The phone call revolution: Then and now

Dubai - Hanging up on communication? Sushmita Bose maps out the transformation of phone calls, from STDs to video chats



by

Sushmita Bose

Published: Thu 12 Aug 2021, 4:23 PM

The other day, on a family conference call, my father cribbed — for at least 15 minutes — how difficult it is to “get through” to near and dear ones “these days” and sustain conversations with them. Our call lasted for a little over an hour, so I thought it was a bit rich. I reminded him of the times, in the 1980s, when we got to speak to our grandparents on Sunday evenings, on an STD line — because they lived outside the city — where the charges were higher. We had a 10-minute window, and everyone would take turns to blurt out a few sentences, along the lines of: “How are you? Yes, I’m fine; yes, school/office is going good; yes, I miss you too.” By the time you spoke out this tranche, somebody else would snatch the phone from your hand and begin their side of the same story.

The reason why we spoke on Sundays was that call rates were cheaper on that day. And the reason why we spoke for 10 minutes was because even though the rates were (relatively) cheaper, they were not exactly inexpensive, and added too much weight to the monthly phone bills. But my grandparents never had a problem with that tiny capsule, and would in fact — my grandfather especially, always the ‘practical’ one — insist we get off the phone as quickly as possible to avoid expenses.

Cut to 2021. Everyone is perennially available on free calls or cheap calls or video calls, you don’t have to sit next to the telephone and wait agonisingly for it to ring at a pre-determined time, you can be mobile, be anywhere, in any state and talk at will — and yet we are not happy: that’s what I told my father.

He was silenced momentarily, so I decided to rub it in. In the old days, if someone lived in a different country, you’d have to wait for weeks to get a letter with updated information, most people weren’t rich enough to make transnational calls. My aunt, for instance, lived in London, and we would “hear” from her and her family (including her kids, my cousins, who I quite fancied since they spoke in clipped British accents) once in two months. It would take a month (give or take a few days) for our letter to reach her; even if she responded that very day (never usually the case), it would take another month for her missive to reach us. Yet, the day the blue aerogram arrived, stamped with the Queen’s visage, filled with meticulous details in fine handwriting (in small size so that more punch could be packed in), we felt replete: we knew everything we needed to know about their lives were unfolding… till the next one made its way a couple of months down the line.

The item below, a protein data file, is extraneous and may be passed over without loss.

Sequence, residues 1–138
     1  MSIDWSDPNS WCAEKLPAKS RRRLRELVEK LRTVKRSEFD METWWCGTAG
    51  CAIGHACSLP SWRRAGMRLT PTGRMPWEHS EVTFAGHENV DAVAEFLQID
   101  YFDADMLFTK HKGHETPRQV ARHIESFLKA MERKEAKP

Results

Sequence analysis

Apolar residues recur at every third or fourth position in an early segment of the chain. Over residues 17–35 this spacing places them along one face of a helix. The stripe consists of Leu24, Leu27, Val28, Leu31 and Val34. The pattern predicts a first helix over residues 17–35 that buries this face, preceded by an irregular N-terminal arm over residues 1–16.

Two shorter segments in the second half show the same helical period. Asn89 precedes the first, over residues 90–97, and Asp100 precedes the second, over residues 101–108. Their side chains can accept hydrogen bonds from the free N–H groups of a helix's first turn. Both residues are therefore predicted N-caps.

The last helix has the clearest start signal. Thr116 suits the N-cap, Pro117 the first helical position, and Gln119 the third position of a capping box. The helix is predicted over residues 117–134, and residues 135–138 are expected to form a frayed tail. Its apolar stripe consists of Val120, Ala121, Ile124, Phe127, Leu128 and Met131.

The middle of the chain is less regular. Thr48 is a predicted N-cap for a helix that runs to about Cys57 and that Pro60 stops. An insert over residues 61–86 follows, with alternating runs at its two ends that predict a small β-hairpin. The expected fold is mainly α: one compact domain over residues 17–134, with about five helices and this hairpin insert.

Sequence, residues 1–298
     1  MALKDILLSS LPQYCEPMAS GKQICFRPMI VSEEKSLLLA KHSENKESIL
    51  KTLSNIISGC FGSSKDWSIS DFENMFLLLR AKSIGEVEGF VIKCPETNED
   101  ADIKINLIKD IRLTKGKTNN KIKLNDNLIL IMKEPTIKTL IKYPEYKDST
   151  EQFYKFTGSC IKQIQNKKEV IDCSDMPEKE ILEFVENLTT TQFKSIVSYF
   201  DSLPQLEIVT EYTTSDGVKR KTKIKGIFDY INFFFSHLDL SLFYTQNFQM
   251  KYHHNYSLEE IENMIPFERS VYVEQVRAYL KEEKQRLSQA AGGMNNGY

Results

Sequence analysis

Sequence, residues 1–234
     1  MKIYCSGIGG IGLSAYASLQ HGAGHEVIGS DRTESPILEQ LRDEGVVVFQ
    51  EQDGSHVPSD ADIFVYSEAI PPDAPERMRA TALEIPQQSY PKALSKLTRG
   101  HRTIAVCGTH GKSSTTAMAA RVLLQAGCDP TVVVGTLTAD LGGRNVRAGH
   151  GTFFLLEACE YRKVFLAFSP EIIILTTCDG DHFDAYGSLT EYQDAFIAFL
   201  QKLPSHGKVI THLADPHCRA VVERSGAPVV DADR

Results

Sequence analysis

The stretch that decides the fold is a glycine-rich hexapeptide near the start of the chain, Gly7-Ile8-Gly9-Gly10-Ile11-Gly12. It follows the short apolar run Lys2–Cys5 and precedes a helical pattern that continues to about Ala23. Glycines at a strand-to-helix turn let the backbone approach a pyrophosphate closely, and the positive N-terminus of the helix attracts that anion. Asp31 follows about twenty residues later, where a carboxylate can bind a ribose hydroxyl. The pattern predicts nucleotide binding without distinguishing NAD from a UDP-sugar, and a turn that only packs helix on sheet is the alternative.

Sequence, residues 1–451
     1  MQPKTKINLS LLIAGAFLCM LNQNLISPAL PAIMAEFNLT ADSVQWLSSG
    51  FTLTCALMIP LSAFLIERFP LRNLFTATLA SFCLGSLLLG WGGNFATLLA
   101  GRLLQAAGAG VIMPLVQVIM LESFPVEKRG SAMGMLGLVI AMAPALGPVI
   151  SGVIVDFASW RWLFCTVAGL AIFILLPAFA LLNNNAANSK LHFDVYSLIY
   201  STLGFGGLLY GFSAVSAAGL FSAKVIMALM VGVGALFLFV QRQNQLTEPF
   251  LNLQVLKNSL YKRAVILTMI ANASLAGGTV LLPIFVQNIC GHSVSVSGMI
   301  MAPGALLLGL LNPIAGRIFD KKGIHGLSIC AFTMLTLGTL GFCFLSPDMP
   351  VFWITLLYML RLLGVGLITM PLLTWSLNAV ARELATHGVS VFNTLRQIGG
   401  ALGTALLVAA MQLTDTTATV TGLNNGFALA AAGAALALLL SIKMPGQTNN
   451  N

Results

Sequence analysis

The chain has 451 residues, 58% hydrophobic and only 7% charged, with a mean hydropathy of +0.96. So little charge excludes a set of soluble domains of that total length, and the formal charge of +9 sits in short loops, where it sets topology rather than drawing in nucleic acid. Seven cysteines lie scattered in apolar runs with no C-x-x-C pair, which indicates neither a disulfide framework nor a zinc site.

Could it be, I continued, that the quality of our exchanges have been downgraded? We chat for hours on end, often every other day, and still we do not seem to have the latitude to engage meaningfully in an age when tools of communication have been served to us on an Instagrammed platter.

I’m not a sucker for self-help books, but whenever I’ve seen blurbs and snatches from tomes titled How To Be An Effective Communicator — or something similar — the thrust is on being to the point… get rid of the bells and whistles and cut to the chase. But the very ubiquity and ease that new-fangled tools of communication have offered us make us hover on the fringes on pointlessness: the means have become so expansive, there’s no end in sight. Articulated interactions are rarely fulfilling, so one never gets off a phone call or a video call feeling content — there’s invariably some form of distress or confusion or a feeling you couldn’t really get your thoughts across even though you spoke at length.

After the last family conference session, the one over the course of which my father talked about being feeling communicatively shortchanged, I called my brother — one on one — to pick his brains. “Maybe the information overload [from WhatsApp, Facebook etc] is getting to him [my father]… when you are constantly in the grips of stuff being thrown at you, with no lines drawn, or timelines drawn, that’s when you lose the plot: you don’t know how much you should imbibe, what your limit is… you instinctively seek more because you are always kept on the edge wanting to be fed more nuggets of useless trivia — constant gratification, isn’t that what they call it?” he offered sagely.

I believe my brother remains sentient because the only time he uses online connectivity is when he works. The rest of the time, he’s like the telephones of yore that were used for effective communication.

sushmita@khaleejtimes.com  


More news from But Seriously